November is inching its way closer and we just had an eye-opening start to cold weather and the long winter here in Wisconsin. The silver lining to the early cold and snow is that the whitetail rut and its action-packed deer hunting is not too far away. Long hours in treestands and ground blinds are ahead of us, and the topic of how to keep your toes from freezing off comes up a lot. We wait all year for these few weeks of the hunting season, and frozen toes are often the culprit of good sits cut short. Here are a few tricks that I’ve learned to keep my feet warm and stay in the game throughout November.
Public enemy No. 1 for warm feet is sweat. And I sweat like a pig. If you actually have to walk more than a couple hundred yards to your stand — often the case on public hunting land — and you’re wearing your heaviest socks in your most insulated boots, your feet will probably sweat like a sumo wrestler in a sauna, too. So the trick is to go light. Wear a light pair of gym socks, cotton is fine, for the walk to the stand. Your feet will still sweat in your warm boots, but those cotton socks will soak up a lot of it. Before you leave, pack dry, insulating wool and blended socks into a gallon-size ziplock bag. Push the air out of the bag and seal it up. Then, when you reach your stand, or nearby, change out your socks, placing the sweaty cotton ones into the ziplock and seal it shut until you get home. Your boots will be warm from the walk, and your feet and socks start the hunt out dry.
When the temps plummet toward freezing and lower, wool, wool blends, merino wool like the stuff from First Lite, polypropylene and silk are your toes’ best friends. You’ll eventually learn a system of what works best for you for temperature ranges and different types of boots. All of these materials wick moisture away from your skin, which is key. Polypropylene and silk are a little better at it, so these thin liner socks go on first. Then the wools socks for insulation. Sometimes you may need two pairs of wool socks on, depending on the temps and your boot size. Check the labels of the socks to make sure they’re not made of cotton, or have too much cotton in the material. The more cotton, the less warmth. Most importantly, make sure the socks are not too tight — circulation and air space are both vital to staying warm.
Get the best insulated boots that you can afford for your type of hunting and the temperature ranges and weather you’ll be hunting in. Many manufacturers make high-quality, incredibly warm hunting boots, it’s just a matter of what fits your feet and your budget. LaCrosse Hunt Pac Extremes and Alphaburly Pros have been my go-to boots for several seasons now. Before that, I wore Army surplus rubber Bunny Boots and Mickey Mouse Boots with great success. The key with boots for staying as warm as possible, is to get a pair a half-size to even two sizes larger than your foot size. Having some air space inside that boot is critical to keeping your little piggies toasty in a blizzard on your best rut stand. Trapped air is one of nature’s best insulators — just think about the puffy insulation in down jackets and in the insulation in your home. If you’re wearing extra-thick socks and your feet are cramped in regular-size boots, it simply won’t work. Try on your boots with all of those socks on before buying anything, trust me on that. Bigger boots will be a little cumbersome to walk in, but it’ll definitely be worth it when you can pull an all-day sit in your best spot.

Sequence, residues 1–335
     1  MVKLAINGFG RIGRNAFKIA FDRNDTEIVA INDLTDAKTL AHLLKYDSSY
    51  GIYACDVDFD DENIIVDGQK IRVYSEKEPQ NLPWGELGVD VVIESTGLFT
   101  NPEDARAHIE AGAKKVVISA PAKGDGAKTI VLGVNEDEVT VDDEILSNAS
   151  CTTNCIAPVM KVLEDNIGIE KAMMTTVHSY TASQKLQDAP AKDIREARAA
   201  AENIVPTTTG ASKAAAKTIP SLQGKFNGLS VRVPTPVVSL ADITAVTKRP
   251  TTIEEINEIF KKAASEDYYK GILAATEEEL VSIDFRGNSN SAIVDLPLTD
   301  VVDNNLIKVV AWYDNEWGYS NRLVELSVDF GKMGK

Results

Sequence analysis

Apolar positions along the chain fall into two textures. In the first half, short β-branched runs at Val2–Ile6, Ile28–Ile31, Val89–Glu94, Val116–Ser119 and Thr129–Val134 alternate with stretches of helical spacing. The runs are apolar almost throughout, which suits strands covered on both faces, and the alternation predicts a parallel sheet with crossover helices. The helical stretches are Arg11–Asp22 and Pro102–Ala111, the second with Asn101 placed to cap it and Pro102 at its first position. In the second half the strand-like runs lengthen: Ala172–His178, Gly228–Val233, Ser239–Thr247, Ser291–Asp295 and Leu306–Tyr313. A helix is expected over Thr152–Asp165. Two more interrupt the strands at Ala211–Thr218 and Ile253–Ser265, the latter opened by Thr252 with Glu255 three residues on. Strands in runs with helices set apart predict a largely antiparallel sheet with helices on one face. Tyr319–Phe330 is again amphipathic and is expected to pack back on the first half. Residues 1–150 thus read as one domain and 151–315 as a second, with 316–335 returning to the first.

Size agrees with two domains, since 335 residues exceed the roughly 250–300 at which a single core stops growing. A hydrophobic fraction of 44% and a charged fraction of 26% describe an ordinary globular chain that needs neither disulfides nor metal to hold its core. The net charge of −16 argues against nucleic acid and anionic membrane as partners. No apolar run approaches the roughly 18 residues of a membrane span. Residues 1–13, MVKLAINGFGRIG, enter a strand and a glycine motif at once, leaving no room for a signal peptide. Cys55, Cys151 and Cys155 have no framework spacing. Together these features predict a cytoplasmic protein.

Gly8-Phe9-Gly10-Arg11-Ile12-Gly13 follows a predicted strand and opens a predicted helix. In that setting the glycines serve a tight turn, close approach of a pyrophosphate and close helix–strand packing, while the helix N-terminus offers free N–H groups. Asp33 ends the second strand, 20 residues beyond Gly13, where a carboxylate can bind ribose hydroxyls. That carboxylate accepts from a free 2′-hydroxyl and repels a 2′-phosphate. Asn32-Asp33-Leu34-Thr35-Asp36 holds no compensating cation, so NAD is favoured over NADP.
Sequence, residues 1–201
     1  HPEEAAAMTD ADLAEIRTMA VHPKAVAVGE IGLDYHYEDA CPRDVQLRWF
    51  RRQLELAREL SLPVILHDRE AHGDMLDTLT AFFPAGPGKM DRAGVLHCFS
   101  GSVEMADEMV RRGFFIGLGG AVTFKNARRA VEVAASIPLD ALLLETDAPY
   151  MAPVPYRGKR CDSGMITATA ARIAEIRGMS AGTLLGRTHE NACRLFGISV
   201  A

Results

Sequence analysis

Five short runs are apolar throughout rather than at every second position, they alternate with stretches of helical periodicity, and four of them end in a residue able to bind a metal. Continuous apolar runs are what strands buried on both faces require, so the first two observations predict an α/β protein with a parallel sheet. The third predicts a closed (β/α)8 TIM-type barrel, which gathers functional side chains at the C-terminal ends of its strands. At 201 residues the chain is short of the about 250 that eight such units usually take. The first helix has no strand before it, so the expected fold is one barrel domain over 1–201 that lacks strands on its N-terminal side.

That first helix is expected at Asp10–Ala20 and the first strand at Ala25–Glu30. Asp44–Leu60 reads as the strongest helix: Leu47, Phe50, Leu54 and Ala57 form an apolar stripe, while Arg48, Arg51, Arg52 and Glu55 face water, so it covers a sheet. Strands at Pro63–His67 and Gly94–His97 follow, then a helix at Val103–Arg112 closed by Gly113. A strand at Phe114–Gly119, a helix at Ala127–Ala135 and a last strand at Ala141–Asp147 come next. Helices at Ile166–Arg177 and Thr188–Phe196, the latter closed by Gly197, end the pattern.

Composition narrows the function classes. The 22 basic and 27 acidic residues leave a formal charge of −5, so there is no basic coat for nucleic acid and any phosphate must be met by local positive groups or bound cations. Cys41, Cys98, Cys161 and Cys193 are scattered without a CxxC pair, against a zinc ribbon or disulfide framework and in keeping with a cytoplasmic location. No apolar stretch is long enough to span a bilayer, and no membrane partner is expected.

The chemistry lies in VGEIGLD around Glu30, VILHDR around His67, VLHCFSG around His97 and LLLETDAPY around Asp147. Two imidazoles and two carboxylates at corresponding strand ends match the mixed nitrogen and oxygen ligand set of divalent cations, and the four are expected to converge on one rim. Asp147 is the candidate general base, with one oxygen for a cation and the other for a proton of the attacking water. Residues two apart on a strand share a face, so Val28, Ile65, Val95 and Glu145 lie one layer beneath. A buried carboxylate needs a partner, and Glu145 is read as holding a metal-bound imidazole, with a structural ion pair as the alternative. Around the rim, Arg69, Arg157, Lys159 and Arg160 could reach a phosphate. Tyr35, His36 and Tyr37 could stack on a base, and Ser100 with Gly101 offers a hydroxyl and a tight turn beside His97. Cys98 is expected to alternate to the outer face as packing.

Toe warmers work, there’s no doubt about it. But for me, their use is all about the timing. If I activate them immediately upon setting up for the day, my feet will get too warm and they’ll be frozen too soon. So, I have found that waiting to activate the heaters and placing them in my boots just before my toes really start to get past the point-of-no-return cold, then they can save the day. Remember, the heaters are activated by air, so they need some air space in your boots to last as long as possible — another reason to get your boots a little larger than normal.
If you can, have a piece of carpet or foam rubber on the floor of your stand, especially a metal stand. That metal will suck the warmth out of the most expensive boots on the Cabela’s shelves faster than a Shelby Mustang runs a quarter-mile.
Move your feet. Keeping your toes and feet moving throughout a sit will circulate the blood and create some friction in your boots — both will add warmth. Curl your toes back and forth, shift your weight from foot to foot, flex your leg muscles in place, etc. All of these movements can be performed unseen by any wildlife, since you’re just doing them in place. Plus, it pushes off boredom during an all-day grind. Keep a schedule and do those little exercises every half-hour or 45 minutes, it helps pass the time when the deer movement is slow.
Everyone has a system that will work best for them, and trial and error is usually the only way to find out. If you put together a few of these warming tips, you’ll have a leg up on Old Man Winter.